Generally, you need to set up a plan and to set it, you must establish tactics.
It would be best to remember the difference between lag and lead indicators. A lag indicator is an outcome you can’t directly impact. It reflects the result of your actions.
Take, for example, an OKR from your company based on revenue: “increase revenue by 15 percent” or “gain 1,000 new customers”.
Let’s say your team focuses on increasing retention rate. Engaged users offer two results:
This will be your lag indicator.
Conversely, a lead indicator is an immediate metric you can control.
So, what actions can you take that have a direct impact?
Using analytics or reviewing them is neither a lead indicator nor a real tactic because it only tells you a little.
A more actionable approach could be to spend two hours a week reviewing user session recordings alone or as a team. By “sessions,” I mean the recorded experiences of users interacting with your app.
Reviewing these sessions allows you to identify trouble spots where users struggle, offering insights on where to improve your product.
In essence, this can become your lead indicator. Improvements here will lead to better user engagement and retention and increased revenue.
So, you can see how the tactics you put in place can directly impact your goals. You can schedule these weekly tasks for yourself or your team to review and adapt as necessary.
For many people, having a template or visual aid helps increase their productivity. It’s often easier when it’s laid out in front of you, as opposed to having a few different documents or trying to keep things in your head.
For that reason, I created a free 12 Week Year template that’s accessible to download through Google Docs. Click File > Make a copy to download it for your own use and customize it as needed:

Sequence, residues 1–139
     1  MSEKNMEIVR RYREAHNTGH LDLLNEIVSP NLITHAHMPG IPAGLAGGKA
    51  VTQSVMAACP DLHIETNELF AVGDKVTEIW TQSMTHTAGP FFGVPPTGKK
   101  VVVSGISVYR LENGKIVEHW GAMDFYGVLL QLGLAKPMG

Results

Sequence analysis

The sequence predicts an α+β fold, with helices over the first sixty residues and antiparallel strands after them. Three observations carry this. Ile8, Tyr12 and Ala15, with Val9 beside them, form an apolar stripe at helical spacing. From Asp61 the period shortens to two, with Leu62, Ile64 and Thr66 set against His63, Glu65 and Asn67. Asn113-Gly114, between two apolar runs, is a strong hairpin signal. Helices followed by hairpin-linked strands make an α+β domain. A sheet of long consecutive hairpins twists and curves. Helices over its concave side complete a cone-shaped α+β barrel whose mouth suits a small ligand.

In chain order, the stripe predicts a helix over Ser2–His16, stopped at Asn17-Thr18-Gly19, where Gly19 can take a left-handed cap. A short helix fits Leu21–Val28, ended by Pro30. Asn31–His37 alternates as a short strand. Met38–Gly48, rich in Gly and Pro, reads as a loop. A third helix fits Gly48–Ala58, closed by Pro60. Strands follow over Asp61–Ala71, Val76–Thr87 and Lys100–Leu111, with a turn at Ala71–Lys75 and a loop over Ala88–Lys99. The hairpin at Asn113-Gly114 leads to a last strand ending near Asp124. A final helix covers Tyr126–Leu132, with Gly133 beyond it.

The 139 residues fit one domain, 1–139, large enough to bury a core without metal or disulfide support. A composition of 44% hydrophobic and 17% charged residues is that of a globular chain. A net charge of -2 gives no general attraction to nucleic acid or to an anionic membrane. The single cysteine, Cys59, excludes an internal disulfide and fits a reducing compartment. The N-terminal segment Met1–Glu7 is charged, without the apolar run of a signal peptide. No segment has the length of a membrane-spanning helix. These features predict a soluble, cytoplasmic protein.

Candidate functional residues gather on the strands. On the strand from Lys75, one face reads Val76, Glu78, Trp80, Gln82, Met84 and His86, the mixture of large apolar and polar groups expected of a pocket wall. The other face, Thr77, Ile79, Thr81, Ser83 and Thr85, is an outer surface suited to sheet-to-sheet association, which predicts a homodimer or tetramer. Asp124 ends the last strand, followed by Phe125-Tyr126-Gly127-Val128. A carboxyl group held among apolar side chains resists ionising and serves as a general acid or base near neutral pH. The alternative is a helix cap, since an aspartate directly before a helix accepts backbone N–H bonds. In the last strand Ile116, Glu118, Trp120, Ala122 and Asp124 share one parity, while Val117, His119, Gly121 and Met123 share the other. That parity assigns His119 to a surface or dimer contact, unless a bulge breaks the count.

The 12 Week Year system is a complete approach and a game changer regarding productivity. It offers a step-by-step tested process supported by tools and documentation.
By adding this approach, whether for personal or professional purposes, you can change the outcomes of your process as fast as in three months.
All documentation to help you set up your 12 Week plan is available on their website.
Featured image source: IconScout
LogRocket identifies friction points in the user experience so you can make informed decisions about product and design changes that must happen to hit your goals.
With LogRocket, you can understand the scope of the issues affecting your product and prioritize the changes that need to be made. LogRocket simplifies workflows by allowing Engineering, Product, UX, and Design teams to work from the same data as you, eliminating any confusion about what needs to be done.
Get your teams on the same page — try LogRocket today.
Authentic leadership occurs when you’re genuine and act consistently with your principles and values, as well as with honesty and integrity.
Ajoy Krishnamoorthy, Chief Product Office at Cin7, discusses data-driven decision-making and his experience launching v1 products.
In our pursuit of innovation, we must be aware of the crucial aspect of letting go — the decision to shut down a product feature.
Justin Kim, VP, Product at Vimeo, discusses the importance of applying ruthless prioritization across the board and curating a clear vision.